Thursday, May 31, 2012

Suffer the Children

Film: Entre les Murs (The Class)
Format: DVDs from personal collection on kick-ass portable DVD player.

I have watched a lot of movies in my lifetime. There are movies that I have loved, movies that I have hated, and movies that have bothered me on a deep level. But until tonight, I have never seen a movie that flat out pissed me off as much as Entre les Murs (The Class). I’ll be blunt here: I had to actively force myself to continue watching this after the first half hour, and the film runs somewhat longer than two.

I’ll make this short: the film takes place in a school in France. I’m not really sure of the level. The kids are in their middle teens, but they talk about eventually going to high school. Perhaps the French system is different. I’m not really sure. Anyway, the film tends to focus on the French teacher, Francois Marin (Francois Begaudeau). More specifically, it focuses on one specific class of his, which appears to have about 8,000 students.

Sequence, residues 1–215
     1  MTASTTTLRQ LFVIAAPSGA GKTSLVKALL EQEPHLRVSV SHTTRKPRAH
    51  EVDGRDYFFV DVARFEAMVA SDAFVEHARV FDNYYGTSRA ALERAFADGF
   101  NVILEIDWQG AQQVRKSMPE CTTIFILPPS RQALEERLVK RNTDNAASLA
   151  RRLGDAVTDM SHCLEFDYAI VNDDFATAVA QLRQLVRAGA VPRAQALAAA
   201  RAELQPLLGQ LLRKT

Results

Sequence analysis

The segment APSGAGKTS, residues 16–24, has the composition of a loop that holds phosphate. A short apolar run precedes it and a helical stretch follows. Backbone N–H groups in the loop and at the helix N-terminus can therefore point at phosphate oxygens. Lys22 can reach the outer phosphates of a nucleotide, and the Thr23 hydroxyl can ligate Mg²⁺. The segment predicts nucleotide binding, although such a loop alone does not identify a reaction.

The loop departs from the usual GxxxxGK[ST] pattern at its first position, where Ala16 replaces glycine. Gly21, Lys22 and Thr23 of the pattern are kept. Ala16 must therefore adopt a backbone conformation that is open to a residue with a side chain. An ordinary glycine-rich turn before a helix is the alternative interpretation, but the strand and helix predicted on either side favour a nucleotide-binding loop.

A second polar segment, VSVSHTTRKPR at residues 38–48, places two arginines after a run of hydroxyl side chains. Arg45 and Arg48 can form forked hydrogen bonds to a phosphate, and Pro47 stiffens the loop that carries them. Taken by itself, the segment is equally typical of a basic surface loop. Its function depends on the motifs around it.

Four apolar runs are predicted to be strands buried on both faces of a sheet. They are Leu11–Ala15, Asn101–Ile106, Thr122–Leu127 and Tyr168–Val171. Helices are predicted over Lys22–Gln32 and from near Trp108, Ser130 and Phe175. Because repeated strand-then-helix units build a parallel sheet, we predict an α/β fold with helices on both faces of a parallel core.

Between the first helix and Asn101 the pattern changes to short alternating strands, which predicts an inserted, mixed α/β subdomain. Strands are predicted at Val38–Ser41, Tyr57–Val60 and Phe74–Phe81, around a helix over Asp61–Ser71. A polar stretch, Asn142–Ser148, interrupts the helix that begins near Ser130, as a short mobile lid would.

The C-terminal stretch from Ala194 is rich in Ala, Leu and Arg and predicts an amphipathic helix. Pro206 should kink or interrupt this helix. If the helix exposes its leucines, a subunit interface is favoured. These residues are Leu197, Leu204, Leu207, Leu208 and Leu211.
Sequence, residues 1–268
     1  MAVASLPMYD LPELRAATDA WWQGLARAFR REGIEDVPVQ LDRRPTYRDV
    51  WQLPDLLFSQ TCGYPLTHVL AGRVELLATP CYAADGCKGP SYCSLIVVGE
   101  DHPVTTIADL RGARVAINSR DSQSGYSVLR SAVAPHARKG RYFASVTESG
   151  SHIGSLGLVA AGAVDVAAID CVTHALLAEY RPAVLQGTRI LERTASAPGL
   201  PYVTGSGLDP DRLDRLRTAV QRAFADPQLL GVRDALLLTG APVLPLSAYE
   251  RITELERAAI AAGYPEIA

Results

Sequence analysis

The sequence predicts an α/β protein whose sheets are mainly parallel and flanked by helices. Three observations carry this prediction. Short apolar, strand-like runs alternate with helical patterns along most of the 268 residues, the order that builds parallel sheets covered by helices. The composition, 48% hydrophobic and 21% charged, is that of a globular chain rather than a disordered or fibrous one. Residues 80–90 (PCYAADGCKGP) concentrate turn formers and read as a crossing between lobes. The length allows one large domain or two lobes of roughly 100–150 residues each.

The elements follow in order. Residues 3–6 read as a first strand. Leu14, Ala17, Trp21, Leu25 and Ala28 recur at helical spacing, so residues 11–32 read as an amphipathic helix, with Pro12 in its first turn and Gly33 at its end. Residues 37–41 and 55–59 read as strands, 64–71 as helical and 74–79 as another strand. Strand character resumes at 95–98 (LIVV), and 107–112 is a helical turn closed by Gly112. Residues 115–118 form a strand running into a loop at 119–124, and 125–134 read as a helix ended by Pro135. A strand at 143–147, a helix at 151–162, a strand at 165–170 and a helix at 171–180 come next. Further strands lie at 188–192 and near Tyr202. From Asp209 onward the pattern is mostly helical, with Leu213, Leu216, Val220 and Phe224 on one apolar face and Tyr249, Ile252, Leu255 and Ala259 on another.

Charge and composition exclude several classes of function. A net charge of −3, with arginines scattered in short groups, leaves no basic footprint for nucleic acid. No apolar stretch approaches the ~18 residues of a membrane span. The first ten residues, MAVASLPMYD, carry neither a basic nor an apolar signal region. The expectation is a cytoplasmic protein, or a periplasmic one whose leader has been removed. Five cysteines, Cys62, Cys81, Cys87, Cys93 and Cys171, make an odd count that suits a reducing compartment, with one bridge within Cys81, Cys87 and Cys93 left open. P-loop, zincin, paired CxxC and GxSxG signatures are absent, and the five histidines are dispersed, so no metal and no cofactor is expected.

While there are a lot of personalities in the room, we tend to focus on just a few of them. One, Esmeralda (Esmeralda Ouertani) likes to talk and likes to cause a lot of trouble. Another, Souleymane (Franck Keita) refuses to do most of his classwork, rebels in all his classes, but appears to have a brain working underneath it all. We also have Khoumba (Rachel Regulier) who bristles every time she is asked to do anything in class. Francois deals with almost constant interruptions and constant chatter from everyone, and doesn’t seem to manage to get anything done.